"In NAMA (the non-agricultural market access negotiations) we have to be able to maintain the (original) developmental perspective of the Round to help countries diversify; get value addition; deal with tariff peaks and escalation; and eliminate all trade distortions. We should not add and add agendas in NAMA."

As for commodities, the report suggests rethinking the way counter-cyclical financing is done to cope with the adverse effects of fluctuating prices. Counter-cyclical financing is financing that does not follow the current predominant economic cycle.

There is a need for transaction tax on trade in commodity derivatives (financial instruments linked to future prices of underlying assets) and for more schemes to deal with the stabilisation of commodity prices. Panitchpakdi indicated concern over the excess of liquidity driving up the prices of maize and wheat in 2010.

In the field of technology, the World Trade Organisation's Trade-Related Aspects of Intellectual Property Rights (TRIPs) agreement should be carefully looked at, for it has not been implemented in a way that benefit developing countries.

Industrialised states have to adopt policies to incentivise technology transfer to LDCs. It is a moral obligation, not a legal one, but the agreement does not specify incentives, according to UNCTAD.

Finally, in the area of climate change -- where LDCs contribute only one percent of total greenhouse emissions, but suffer most heavily from the consequences -- an adequate financing of the already existing mechanisms is necessary.

"Cutting across all these measures is the need for LDCs to work more with fellow countries from the South," Panitchpakdi reiterated, like many times before.

"They should benefit more from South-South cooperation and triangular cooperation with the North. The new global governance cannot be dominated by powerful countries, like in the Group of 20. LDCs must participate in global governance."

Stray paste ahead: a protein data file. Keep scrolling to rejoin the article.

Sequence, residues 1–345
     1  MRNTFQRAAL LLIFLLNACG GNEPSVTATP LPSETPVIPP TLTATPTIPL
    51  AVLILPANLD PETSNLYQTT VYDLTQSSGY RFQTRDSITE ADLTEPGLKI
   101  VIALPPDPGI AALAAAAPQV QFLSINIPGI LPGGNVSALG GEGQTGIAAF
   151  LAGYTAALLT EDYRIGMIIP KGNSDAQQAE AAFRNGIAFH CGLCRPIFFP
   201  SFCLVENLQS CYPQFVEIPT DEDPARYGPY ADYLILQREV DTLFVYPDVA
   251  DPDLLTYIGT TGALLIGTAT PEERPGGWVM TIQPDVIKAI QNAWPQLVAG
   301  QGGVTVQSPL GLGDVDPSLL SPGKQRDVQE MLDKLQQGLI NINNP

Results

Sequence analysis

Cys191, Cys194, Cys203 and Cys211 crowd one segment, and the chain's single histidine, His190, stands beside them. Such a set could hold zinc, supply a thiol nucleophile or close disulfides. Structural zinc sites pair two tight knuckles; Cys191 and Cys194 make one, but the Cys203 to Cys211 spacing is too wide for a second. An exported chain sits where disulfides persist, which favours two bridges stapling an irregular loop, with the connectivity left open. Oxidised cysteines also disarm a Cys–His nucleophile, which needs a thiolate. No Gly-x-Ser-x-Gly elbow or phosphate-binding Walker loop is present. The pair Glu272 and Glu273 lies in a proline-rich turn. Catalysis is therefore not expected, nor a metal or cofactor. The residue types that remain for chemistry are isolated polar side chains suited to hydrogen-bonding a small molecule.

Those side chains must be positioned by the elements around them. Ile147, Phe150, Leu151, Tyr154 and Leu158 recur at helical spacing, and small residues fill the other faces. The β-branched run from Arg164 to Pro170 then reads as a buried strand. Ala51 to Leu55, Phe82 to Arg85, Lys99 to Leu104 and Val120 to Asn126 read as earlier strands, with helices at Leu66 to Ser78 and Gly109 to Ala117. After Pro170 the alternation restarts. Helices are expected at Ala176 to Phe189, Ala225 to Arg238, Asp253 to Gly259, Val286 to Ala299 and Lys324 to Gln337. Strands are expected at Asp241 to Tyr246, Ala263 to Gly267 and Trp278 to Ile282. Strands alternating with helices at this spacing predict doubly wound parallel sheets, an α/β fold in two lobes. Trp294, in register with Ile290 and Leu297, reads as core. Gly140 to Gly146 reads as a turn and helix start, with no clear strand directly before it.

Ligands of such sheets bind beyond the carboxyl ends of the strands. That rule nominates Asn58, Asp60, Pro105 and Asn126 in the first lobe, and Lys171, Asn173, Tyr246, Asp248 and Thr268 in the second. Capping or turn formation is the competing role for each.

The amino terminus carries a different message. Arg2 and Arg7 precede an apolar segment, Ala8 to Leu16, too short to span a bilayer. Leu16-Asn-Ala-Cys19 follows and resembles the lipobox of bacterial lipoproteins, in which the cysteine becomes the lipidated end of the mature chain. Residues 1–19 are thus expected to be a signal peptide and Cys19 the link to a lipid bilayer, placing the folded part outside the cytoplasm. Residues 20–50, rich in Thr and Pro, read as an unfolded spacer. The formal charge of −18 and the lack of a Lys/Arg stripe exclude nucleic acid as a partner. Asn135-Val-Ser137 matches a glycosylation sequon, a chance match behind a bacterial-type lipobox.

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This is why I don't orgasm when I see much of the continent growing 6-7%. For one given many nations state of development such growth isn't enough to seriously dent poverty and secondly its mostly on the backs of commodities. Which one doesn't employ many people and secondly generates revenue for those companies and creates a culture of misusage, mismanagement and outright corruption within governments.

Most people work in agriculture or in urban areas the black market, until we see agriculture a booming sector that creates surplus wealth and a healthy industry which not only employs people into the formal economy, it gives far more tax revenue for governments to use. What did most countries do with the commodity boom? Very little, a wasted opportunity if you ask me.
 

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They're expecting that in just 5 years, including 2 years of economic disaster, that countries would diversify their economies?
This is a serious pet peeve of mine. The timeline that's given for African countries to do any type of improvement is ridiculously small. Absurd.
If by 2020 we haven't started seeing real diversification, then yes, they've been squandering opportunities, but in just a few years, it's practically IMPOSSIBLE to have that type of serious change on any measurable scale.
 

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They're expecting that in just 5 years, including 2 years of economic disaster, that countries would diversify their economies?
This is a serious pet peeve of mine. The timeline that's given for African countries to do any type of improvement is ridiculously small. Absurd.
If by 2020 we haven't started seeing real diversification, then yes, they've been squandering opportunities, but in just a few years, it's practically IMPOSSIBLE to have that type of serious change on any measurable scale.